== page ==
Automation might involve auto-debiting debt repayments on the same date every month or directly depositing into your pension account.
Just as a minimalist budget entails evaluating past consumption in order to understand spending habits, so it also involves casting a querying eye over future potential purchases.
- Are they necessary?
- How long did you have to work to earn that money?
- Can you avoid making the purchase?
How can a minimalist budget improve my finances?
Embracing a minimalist lifestyle is a big step, so be kind to yourself if you wish to adopt a minimalist budget. Don’t be too critical if you struggle at first; it’s a formative process!
In fact, many people who adopt minimalist living do not do so with the express intent of improving their financial situation—but a huge number do come to realise the positive effect that the philosophy can have on their spending habits.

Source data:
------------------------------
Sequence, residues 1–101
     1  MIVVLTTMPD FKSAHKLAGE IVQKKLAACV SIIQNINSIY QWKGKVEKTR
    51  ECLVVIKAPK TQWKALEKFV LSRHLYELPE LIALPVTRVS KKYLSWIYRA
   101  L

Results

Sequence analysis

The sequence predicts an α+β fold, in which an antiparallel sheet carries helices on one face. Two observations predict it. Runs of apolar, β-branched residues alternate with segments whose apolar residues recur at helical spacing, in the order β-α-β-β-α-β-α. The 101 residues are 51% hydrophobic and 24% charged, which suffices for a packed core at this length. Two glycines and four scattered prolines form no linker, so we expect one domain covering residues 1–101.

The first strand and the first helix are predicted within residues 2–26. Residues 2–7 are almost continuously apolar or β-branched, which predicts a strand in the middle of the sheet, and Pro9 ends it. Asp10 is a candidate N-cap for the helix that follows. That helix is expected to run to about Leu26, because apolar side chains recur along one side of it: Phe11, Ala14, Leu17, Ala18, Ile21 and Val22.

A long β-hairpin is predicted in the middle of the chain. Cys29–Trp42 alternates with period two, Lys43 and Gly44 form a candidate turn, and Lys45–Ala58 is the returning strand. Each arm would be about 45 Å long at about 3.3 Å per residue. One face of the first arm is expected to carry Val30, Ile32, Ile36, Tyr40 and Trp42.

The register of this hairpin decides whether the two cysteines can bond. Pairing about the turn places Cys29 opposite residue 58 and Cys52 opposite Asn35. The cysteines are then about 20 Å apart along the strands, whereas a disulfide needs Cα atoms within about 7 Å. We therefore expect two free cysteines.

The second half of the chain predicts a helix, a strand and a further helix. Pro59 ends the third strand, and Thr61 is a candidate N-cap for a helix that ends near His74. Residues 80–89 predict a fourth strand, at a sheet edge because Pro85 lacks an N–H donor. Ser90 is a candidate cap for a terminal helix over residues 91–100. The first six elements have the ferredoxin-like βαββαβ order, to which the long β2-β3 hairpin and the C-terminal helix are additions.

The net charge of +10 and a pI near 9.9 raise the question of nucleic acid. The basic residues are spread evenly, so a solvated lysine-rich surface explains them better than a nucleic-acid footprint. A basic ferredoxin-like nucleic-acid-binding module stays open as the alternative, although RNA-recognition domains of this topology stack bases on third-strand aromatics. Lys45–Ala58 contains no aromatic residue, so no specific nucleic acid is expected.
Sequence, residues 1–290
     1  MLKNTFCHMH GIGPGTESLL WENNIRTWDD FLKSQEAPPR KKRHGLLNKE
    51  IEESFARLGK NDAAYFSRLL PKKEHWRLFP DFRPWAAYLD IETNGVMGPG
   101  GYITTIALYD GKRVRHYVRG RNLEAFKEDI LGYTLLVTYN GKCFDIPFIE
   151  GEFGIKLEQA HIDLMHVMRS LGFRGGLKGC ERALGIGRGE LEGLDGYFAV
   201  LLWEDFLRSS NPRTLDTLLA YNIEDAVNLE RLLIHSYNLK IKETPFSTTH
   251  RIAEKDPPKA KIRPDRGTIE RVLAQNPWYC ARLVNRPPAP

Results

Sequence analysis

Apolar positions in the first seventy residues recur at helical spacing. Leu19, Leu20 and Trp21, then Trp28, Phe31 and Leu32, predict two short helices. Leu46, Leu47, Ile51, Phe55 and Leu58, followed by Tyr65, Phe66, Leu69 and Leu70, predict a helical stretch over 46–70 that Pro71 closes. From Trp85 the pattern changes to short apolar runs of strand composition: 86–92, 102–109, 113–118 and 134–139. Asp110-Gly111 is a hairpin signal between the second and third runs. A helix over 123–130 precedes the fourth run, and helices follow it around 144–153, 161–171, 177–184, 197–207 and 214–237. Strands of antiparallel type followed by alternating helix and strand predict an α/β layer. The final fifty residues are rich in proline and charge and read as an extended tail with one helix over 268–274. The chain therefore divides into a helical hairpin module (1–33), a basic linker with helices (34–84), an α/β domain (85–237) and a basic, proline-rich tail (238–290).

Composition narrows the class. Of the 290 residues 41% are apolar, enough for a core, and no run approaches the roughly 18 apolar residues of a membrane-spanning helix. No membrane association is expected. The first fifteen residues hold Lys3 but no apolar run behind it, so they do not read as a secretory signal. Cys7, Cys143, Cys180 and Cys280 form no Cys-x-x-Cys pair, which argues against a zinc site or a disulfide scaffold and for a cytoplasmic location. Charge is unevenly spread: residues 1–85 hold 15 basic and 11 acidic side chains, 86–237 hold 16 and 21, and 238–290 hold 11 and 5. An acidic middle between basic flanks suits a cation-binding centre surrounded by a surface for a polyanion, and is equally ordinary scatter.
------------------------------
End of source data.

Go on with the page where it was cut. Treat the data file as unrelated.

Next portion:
Minimalism entails a rejection of overconsumption, encouraging instead a limit to material possessions. This means buying less and spending less. This often has the combined effect of reducing your debts.
A minimalist budget also forces you to prioritise your spending. This doesn’t mean not splashing out on a treat; rather, it entails spending with care and deliberation. Like it or lump it, you will end up distinguishing what’s wasteful from what’s needed if you’re to live life as you want to.
Is financial minimalism right for me?
Beyond crafting a life less cluttered and more stuffed with meaning, there are no hard and fast rules to minimalism. You are free to define and live your own unique interpretation of it.
When you apply the minimalist philosophy to your finances, you could become far more aware of your spending habits—and awareness is the first step in changing your behaviours, should you wish to.